There is increasing evidence that the selection, planting and maintenance of trees can help reduce the vulnerability of a property to the impact of bushfires.
All trees and plants do burn so there is no guaranteed way of stopping a fire but selecting the right type of trees and plants can help act as a barrier to wind and fire, help reduce the intensity of a fire and reduce the risk of a fire spreading from ember attack.
In general choose plants that have a high moisture content such as Maples, Cherry, Ash and Oak species, remembering to ensure any leaf litter and fallen branches are cleared. Avoid planting trees high in oils, resins and waxes such as Junipers and Conifers close to property as they are more inclined to burn..
More specifically research has identified 14 different factors that can influence the flammability of a specific plant including density of foliage, leaf fineness, moisture, volatile oil and mineral content of leaves, size of plant and height of canopy and bark texture. (‘Landscape and Building Design for Bushfire Areas’ published by CSIRO Publishing 2003)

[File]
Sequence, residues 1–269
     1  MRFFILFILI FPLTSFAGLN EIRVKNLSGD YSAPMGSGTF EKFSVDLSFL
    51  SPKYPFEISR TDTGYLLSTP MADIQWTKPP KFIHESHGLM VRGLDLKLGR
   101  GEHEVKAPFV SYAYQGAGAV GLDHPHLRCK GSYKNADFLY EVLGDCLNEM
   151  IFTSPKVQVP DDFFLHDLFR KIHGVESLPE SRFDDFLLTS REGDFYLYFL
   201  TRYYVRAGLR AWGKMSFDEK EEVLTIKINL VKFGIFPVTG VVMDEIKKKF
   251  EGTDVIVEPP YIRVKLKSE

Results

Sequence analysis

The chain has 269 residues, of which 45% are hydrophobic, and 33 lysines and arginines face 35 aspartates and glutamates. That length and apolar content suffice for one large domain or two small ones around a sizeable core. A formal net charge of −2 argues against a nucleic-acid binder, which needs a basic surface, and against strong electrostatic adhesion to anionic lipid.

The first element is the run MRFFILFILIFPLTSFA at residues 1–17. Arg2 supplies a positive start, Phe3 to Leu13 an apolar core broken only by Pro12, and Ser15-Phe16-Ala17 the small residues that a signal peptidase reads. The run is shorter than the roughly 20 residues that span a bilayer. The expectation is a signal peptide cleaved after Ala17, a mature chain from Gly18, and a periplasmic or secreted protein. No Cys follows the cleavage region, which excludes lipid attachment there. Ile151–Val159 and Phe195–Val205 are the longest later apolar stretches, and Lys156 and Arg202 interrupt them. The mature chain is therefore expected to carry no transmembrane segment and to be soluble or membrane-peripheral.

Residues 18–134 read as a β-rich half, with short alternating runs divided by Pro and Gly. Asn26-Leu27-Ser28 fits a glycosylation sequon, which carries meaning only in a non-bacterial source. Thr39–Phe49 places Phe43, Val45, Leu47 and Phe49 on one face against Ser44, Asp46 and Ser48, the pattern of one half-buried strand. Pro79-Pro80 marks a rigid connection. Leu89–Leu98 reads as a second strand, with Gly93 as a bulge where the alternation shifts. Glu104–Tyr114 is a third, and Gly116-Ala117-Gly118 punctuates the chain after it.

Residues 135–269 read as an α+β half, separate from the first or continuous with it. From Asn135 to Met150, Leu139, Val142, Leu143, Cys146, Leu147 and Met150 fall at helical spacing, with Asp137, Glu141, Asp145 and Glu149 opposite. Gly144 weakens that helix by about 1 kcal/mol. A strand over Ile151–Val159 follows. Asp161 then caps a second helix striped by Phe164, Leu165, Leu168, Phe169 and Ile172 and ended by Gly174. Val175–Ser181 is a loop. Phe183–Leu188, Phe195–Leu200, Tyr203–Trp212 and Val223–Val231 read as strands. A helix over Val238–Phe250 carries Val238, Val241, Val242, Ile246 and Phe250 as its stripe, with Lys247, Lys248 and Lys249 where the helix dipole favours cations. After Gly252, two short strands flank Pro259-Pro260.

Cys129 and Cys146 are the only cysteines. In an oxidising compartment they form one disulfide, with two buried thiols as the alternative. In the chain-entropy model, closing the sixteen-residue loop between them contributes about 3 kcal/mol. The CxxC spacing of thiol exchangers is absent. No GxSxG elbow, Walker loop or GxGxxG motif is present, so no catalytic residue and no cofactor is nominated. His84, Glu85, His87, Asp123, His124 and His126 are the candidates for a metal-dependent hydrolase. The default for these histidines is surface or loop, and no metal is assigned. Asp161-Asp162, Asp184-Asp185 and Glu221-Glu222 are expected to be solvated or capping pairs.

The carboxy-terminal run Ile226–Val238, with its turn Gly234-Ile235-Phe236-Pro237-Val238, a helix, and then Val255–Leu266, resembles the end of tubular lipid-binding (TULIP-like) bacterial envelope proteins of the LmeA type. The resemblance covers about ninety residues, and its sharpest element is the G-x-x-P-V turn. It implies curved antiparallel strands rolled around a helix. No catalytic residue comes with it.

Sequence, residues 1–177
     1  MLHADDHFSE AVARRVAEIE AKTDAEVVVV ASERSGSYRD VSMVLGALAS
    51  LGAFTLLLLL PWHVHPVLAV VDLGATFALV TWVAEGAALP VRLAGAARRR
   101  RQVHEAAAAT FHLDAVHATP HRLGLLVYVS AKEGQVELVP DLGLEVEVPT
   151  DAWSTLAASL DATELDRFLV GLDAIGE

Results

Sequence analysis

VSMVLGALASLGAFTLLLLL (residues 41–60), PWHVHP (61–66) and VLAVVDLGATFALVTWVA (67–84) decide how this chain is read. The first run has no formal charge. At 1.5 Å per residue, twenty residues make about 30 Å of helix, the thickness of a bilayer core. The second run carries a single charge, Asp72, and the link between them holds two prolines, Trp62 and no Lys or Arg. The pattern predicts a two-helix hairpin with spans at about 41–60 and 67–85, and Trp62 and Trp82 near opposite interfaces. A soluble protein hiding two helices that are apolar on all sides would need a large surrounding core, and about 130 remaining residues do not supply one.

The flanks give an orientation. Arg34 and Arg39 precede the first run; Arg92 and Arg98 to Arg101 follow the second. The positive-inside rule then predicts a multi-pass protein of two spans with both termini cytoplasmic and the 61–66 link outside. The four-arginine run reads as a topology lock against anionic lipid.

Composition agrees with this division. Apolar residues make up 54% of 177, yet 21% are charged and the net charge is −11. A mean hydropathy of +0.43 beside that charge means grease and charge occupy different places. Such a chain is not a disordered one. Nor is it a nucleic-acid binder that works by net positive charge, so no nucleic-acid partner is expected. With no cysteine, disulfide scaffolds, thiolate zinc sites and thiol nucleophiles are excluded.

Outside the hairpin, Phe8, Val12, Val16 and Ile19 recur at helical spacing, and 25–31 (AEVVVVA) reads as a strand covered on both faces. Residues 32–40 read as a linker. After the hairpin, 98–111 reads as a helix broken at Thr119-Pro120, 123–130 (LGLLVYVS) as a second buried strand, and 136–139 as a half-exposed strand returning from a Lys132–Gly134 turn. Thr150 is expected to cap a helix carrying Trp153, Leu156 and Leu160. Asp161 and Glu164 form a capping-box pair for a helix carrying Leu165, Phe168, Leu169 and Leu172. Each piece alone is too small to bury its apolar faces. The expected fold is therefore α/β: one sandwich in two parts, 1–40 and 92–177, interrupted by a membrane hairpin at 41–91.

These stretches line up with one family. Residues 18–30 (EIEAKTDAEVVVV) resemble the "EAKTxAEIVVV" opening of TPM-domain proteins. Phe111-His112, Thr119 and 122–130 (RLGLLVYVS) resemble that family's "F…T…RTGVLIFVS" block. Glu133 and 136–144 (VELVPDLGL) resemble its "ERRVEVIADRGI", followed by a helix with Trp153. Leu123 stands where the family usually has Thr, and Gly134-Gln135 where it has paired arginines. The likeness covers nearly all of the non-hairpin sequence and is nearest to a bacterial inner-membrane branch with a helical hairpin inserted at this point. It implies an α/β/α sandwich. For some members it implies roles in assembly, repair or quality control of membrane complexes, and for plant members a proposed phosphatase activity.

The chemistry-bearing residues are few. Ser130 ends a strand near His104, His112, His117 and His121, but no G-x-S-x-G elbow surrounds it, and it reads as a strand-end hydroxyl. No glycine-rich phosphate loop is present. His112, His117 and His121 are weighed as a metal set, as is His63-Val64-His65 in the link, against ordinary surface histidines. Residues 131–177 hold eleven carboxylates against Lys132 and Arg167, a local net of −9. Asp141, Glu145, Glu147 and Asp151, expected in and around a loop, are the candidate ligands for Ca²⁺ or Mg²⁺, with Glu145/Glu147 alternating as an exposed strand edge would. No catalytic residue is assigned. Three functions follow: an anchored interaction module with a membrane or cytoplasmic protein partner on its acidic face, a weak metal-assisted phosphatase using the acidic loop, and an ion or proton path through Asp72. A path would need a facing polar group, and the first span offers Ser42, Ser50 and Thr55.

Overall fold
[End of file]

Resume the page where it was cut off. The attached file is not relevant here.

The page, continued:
Remember, plant selection is only one element of landscaping for fire protection. Garden maintenance, plant positioning, property location and topography are equally key factors in minimising vulnerability to bushfire.
The plants identified here are provided as a guide only.
More information and case studies on fire retardant trees can be found by visiting:
The two images above of the burning tree in Bundanoon were taken during the bushfire event of January 2020 by Oak Flats Rural Fire Brigade member Brett Sheridan and used with his permission. Thank you Brett for your permission and your service as an RFS volunteer.